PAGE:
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66747 PTE. E. GREGSON. R.F.A.


Edward Gregson was born in Farington in the first quarter of 1886 and baptised at Leyland St Ambrose on 5 March that year.  His father was William Gregson (b. 1862 in Euxton), a press operator in the rubber works.  His mother was Alice Ann Cross (b. 1864 in Leyland).  William and Alice were married in 1885.  Edward was their first child and he had a brother Tom (b. 1889).  Alice died in 1897.  In 1909, Edward married Elizabeth Worthington (b. 1886 in Chorley) and in 1911, the couple were living at 17 Fairfield Street, Lostock Hall.  Edward was a spinner and Elizabeth was a weaver.


Edward signed up soon after War was declared.  He served in the Royal Field Artillery, as a Driver, and was assigned service number 66747.  From his Medal Index Card we know that he was posted to France on 9 August 1915, but I don’t know which Brigade he served in, or where he fought.  But we know that when he died he was with B Instructional Battery, which was based at Larkhill, on Salisbury Plain.  He died at Fargo Military Hospital, Larkhill, on 9 March 1918.  He had just turned 32.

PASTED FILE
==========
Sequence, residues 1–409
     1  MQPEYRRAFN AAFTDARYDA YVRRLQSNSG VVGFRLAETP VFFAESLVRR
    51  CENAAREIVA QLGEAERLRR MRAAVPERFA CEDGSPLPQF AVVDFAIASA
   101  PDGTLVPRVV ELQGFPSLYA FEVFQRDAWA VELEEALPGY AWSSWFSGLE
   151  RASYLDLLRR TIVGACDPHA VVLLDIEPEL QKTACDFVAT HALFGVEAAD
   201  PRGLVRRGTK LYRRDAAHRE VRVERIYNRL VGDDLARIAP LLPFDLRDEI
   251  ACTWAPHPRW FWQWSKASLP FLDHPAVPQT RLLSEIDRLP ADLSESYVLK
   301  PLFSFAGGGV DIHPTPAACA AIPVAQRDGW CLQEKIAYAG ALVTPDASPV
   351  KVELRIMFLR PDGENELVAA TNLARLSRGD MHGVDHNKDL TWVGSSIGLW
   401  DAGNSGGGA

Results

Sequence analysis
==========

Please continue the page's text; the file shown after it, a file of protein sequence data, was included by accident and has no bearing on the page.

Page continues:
Rank:  Driver

Service No:  66747

Date of Death:  09/03/1918

Age:  32

Regiment/Service:  Royal Field Artillery, "B" Instructional Bty.

Grave Reference:  672 North of Church tower.


Additional Information:  Son of William and Alice Ann Gregson; husband of Elizabeth Gregson, of 89 Watkin Lane, Lostock Hall, Preston.


Edward’s brother Tom also served in the Army.  He enlisted at the outbreak of War, on 3 September 1914, along with a significant number of other men from Lostock Hall who all joined the Scots Guards.  He was assigned service number 10100 and posted to 2nd Battalion and landed with them in France on 16 February 1915.  Tom was wounded in action at Neuve Chappelle on 12 March 1915 – he suffered gunshot wounds to his left shoulder and his eyes were damaged by shell fire.  Tom made it back to England where he was in hospital and then in Reserve.  Whilst at home, he got married: in October 1916 he married Sarah Ann Waterhouse (b. 1891 in Walton Le Dale).  But on 9 June 1917 he rejoined 2Bn in the field.  In 1917, the Guards Division fought through the Third Battle of Ypres (Pilkem, Menin Road, Poelcappelle and the First Battle of Passchendaele) and also at Cambrai.  Tom remained with them until 29 January 1918 when he was diagnosed with PUO (pyrexia (or fever) of unknown origin).  After another spell in hospital at 3 Field Ambulance he was sent back to England on 24 February 1918.  He was posted first to Command Depot and then to Reserve.  He was finally demobilised on 15 January 1919.

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